First liposuction death: Doctor struck off register, case referred for probe

The Court ruled the appropriate order was to strike Dr Wong off the register as his case involved "the most severe harm imaginable".
The Court ruled the appropriate order was to strike Dr Wong off the register as his case involved "the most severe harm imaginable".PHOTO: ST FILE

SINGAPORE - The doctor involved in the liposuction death of real estate firm boss Franklin Heng in 2009 has been struck off by the Court of Three Judges.

In its decision, the court warned this would be the presumptive penalty for doctors displaying serious misconduct or dishonest behaviour, unless there were exceptional circumstances.

A second doctor, who assisted Dr Wong Meng Hang in the procedure, was suspended for 18 months instead of the original six months, in a definitive judgment where the court laid a sentencing framework in disciplinary cases for dealing with professional misconduct by doctors that results in harm to patients.

The court, in a rare move, also ordered the case be reported to the Public Prosecutor so that Dr Wong and Dr Zhu Xiu Chun can be investigated for any relevant criminal offences that may have been committed, including that of causing death by a rash or negligent act.

"While we express no views at all on whether any criminal offence is disclosed on the facts before us, we consider it to be in the public interest that the matter be investigated," wrote Chief Justice Sundaresh Menon in issuing the court's judgment on Friday (Nov 23).

"This was among the most egregious cases of medical misconduct we have come across," added the court.

In setting out the appropriate approach when dealing with serious misconduct by doctors, the court highlighted "the importance of sentencing considerations such as general deterrence and the need to uphold public confidence in the medical profession, which might in certain cases be sufficiently compelling to override any personal mitigating circumstances that may be found to exist".


The court comprised Chief Justice Menon, and Judges of Appeal Andrew Phang and Judith Prakash.

In the case, Dr Wong had given Mr Heng too much sedative when conducting a liposuction procedure at his Orchard Road clinic in December 2009. Left unattended, the 44-year-old suffocated when his airway collapsed because of the heavy sedation.

The high-profile case was Singapore's first recorded death as a result of aesthetic treatment.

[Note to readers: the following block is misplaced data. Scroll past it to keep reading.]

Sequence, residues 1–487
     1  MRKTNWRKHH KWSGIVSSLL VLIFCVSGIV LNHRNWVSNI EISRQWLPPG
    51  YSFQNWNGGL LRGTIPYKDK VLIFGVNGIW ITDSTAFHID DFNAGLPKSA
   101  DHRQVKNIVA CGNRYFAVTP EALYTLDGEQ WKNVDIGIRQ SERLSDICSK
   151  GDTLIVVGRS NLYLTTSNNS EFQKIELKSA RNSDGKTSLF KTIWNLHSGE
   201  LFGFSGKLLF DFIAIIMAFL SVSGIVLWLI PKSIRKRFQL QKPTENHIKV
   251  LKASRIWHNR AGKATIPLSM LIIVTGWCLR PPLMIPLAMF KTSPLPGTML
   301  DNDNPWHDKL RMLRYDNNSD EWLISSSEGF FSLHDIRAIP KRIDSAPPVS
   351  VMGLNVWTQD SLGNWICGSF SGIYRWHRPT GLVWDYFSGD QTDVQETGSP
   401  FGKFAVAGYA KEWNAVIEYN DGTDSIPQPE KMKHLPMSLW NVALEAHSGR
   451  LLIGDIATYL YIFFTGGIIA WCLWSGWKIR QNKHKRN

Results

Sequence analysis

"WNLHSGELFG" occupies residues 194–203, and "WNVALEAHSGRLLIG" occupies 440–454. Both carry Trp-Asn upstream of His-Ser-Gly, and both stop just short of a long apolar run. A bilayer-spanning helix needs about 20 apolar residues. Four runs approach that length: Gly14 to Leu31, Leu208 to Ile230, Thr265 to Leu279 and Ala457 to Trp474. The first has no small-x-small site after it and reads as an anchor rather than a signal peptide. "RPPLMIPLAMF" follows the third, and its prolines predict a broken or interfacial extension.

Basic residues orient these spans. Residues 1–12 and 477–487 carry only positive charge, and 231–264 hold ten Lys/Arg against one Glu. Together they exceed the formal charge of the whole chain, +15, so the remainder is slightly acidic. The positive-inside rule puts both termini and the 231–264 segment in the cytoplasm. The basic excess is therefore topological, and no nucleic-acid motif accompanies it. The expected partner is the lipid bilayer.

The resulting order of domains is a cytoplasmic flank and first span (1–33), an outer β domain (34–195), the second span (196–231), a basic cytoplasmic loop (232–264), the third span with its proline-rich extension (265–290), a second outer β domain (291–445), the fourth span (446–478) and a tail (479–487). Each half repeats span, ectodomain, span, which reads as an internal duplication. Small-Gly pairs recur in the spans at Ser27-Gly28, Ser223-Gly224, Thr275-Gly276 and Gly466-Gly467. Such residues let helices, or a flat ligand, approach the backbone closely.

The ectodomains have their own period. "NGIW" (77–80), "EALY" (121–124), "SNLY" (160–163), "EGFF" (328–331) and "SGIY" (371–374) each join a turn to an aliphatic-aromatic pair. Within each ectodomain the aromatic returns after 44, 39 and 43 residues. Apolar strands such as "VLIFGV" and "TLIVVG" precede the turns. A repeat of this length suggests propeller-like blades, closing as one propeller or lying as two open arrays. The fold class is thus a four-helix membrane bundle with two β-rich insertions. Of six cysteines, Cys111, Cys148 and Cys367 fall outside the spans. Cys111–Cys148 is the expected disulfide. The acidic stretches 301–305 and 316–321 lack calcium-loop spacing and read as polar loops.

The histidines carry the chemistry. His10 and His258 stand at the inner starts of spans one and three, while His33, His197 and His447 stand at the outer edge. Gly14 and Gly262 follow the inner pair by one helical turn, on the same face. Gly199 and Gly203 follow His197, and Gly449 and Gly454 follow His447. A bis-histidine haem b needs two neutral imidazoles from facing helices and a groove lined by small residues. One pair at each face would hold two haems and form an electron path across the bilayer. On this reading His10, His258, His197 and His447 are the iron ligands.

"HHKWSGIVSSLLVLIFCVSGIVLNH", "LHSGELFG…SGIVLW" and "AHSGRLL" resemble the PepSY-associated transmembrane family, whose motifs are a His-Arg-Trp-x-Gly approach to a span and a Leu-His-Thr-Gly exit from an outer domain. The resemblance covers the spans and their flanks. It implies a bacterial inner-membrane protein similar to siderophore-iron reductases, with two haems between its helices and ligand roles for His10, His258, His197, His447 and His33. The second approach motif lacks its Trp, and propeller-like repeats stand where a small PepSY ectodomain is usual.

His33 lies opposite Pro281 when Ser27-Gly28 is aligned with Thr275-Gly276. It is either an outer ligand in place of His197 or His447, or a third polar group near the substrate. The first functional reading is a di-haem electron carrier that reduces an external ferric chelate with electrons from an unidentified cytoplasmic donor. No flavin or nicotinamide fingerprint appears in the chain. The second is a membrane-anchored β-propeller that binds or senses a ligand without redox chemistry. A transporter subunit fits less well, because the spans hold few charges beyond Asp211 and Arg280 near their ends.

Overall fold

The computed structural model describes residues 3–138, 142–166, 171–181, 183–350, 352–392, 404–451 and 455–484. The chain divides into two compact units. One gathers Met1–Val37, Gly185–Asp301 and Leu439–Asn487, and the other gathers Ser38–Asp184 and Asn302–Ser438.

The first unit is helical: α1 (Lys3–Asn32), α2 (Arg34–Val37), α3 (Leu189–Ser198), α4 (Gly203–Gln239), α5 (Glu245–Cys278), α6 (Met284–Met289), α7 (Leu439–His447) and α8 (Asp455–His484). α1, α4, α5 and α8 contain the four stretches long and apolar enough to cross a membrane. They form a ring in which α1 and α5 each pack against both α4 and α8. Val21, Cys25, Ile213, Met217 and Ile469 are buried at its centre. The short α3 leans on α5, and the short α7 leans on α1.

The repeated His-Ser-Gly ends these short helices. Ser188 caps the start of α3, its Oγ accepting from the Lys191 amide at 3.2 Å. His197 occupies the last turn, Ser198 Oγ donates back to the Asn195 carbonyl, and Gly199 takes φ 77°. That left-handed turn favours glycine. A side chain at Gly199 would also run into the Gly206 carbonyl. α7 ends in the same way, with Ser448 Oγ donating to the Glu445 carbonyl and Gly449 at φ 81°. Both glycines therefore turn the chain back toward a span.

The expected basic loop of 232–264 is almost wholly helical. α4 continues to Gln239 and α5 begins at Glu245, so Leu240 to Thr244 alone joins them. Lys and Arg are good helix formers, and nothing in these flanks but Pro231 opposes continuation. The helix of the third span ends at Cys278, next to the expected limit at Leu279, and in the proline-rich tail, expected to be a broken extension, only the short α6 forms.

In 2014, Dr Wong, then 43, was fined $26,000 for breaching medical regulations. Dr Zhu, then 55, was fined $18,000. Two years later, Dr Wong and Dr Zhu, who is also known as Myint Myint Kyi, were ordered to pay $3.26 million in damages in total to Mr Heng's family in a civil suit.

Disciplinary proceedings were also brought against the two doctors, who each pleaded guilty to a charge of professional misconduct before the Singapore Medical Council (SMC).

They admitted that Mr Heng died as a result of their failure to adequately monitor him during the procedure. In December 2017, a disciplinary tribunal suspended Dr Wong for 18 months and Dr Zhu for six months.

SMC then appealed to the Court of Three Judges, seeking a three-year suspension for Dr Wong and a two-year suspension for Dr Zhu, while Dr Wong appealed to reduce his suspension to six months.

The court ruled the appropriate order was to strike Dr Wong off the register as his case involved "the most severe harm imaginable" and his actions were the sole and direct cause of the patient's death.

His misconduct was of a high degree of culpability in that his treatment of the patient was grossly unsatisfactory and strikingly deficient in every way, said the court.

"We find it difficult to conceive of a worse case of medical misconduct."

"From recklessly deciding to embark on a risky sedation procedure despite being untrained; to administering the sedative improperly by giving an excessive dosage; to wounding the patient by performing the liposuction improperly in circumstances where because of the incompetent and excessive dosage of the sedation, he had no way of even knowing he was inflicting unintended and potentially serious injuries on the patient; to leaving the patient unattended post-procedure as a result of which the patient asphyxiated and eventually died; and finally, to lying to the Accident & Emergency doctors, Dr Wong's treatment of the patient was grossly unsatisfactory and strikingly deficient in every respect."

The court added "Dr Wong's misconduct (was) among the worst of its kind and which must be punished with a sanction of sufficient severity".

In raising Dr Zhu's sentence to 18 months' suspension, the court found her misconduct was not as grave as Dr Wong's as she was only tasked to assist in the procedure under Dr Wong's direction and did not act dishonestly, among other things.

But it added: "For the same reasons as we have stated in respect of Dr Wong, Dr Zhu's personal mitigating circumstances such as her early plea of guilt and the inordinate delay in the proceedings are overridden by the public interest in upholding public confidence in the medical profession.

"The sentence to be imposed on Dr Zhu must also serve as a strong deterrent to other junior doctors faced with the wholly improper actions of their seniors."